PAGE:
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McAfee’s mobile malware research team has found several Instagram password stealers on the Google Play store. (Google has since removed the apps.) These malware are distributed as utilities and tools for analyzing access and automating the following of Instagram accounts. The main targets of the malware are Turkish Instagram users.

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The malware lead victims to a phishing website that steals Instagram account passwords using the WebView component. As we see in the following screenshots, the design of the login page is very simple, so it is difficult for users to appreciate the difference between legitimate and fake.

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The victim’s credentials are sent to the malware author as plain text. If the network connection is monitored (as is possible on a free Wi-Fi network), the account name and password are open to unknown persons.

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Victims’ personal information may leak if they use the same passwords on other websites and social network services. Malware authors will attempt to log into other web services using the stolen accounts and passwords.

Instagram’s popularity makes it a target for attackers. McAfee recommends you install mobile security and password-management software, and not trust applications downloaded from unknown sources. McAfee Mobile Security detects this threat as Android/InstaZuna and alerts mobile users if it is present, while protecting them from any data loss. For more information about McAfee Mobile Security, visit http://www.mcafeemobilesecurity.com.

 

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Android Spyware Targets Security Job Seekers in Saudi Arabia https://www.mcafee.com/blogs/other-blogs/mcafee-labs/android-spyware-targets-security-job-seekers-in-saudi-arabia/ https://www.mcafee.com/blogs/other-blogs/mcafee-labs/android-spyware-targets-security-job-seekers-in-saudi-arabia/#respond Tue, 31 May 2016 16:08:21 +0000 https://blogs.mcafee.com/?p=50060 The Middle East is the new Wild West of mobile malware, especially for targeted attacks and intelligence gathering campaigns. During the past few years, McAfee Mobile Research has monitored and reported on several countries in the region and has found an alarming increase in campaigns using mobile malware for not only disruption and hacktivism but […]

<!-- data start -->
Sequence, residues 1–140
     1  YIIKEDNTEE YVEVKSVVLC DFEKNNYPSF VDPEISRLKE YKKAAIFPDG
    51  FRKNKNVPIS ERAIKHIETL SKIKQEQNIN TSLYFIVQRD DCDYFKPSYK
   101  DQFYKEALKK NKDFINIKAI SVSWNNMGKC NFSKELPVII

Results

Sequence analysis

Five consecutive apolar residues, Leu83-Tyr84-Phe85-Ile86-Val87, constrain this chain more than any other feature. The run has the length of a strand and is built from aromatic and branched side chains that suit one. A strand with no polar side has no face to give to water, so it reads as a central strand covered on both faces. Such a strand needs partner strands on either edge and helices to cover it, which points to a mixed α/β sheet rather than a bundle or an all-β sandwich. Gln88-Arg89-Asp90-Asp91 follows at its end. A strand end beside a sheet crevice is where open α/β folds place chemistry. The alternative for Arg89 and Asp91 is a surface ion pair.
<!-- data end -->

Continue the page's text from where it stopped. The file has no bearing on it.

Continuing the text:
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The Middle East is the new Wild West of mobile malware, especially for targeted attacks and intelligence gathering campaigns. During the past few years, McAfee Mobile Research has monitored and reported on several countries in the region and has found an alarming increase in campaigns using mobile malware for not only disruption and hacktivism but also for intelligence gathering. Today we shed light on a new campaign targeting Saudi Arabia.

We have identified a campaign that is working in tandem with a job site that offers work for security personal in government or military jobs.

20160527-website

The spyware, Android/ChatSpy, was distributed as a private chat application. It steals user contacts, SMS messages, and voice calls from infected devices and forwards them to the attacker’s server, which is in the same location as the job site.

20160527-icon

The motives behind the spyware author are not clear, but considering the jobs that were being advertised on the site, the implications should not be underestimated. The leaked information poses a serious security threat. We have reported this spyware campaign to the Computer Emergency Response Team in Saudi Arabia for additional investigation.

Let’s take a look at spyware’s behavior. After it runs, the spyware shows only a screen with the network carrier and user’s phone number information, nothing more.

20160527-screenshot

At the same time, the spyware runs in the background and gathers device information, contacts, browser history, SMS messages, and call logs on the infected device, and posts them to the attacker’s server. Then Then the spyware sends the message “New victim arrived” to notify the attacker of the infection and hides its application icon from the menu to prevent uninstallation and keep its spying activities secret.

20160527-code1

The spyware keeps monitoring incoming SMS messages and takes screenshots, and records incoming/outgoing voice calls in the background. This user-sensitive information is also posted to the attacker’s server. The server runs a MySQL database and collects the data from infected devices. How is the information used? Most likely in a subsequent targeted attack.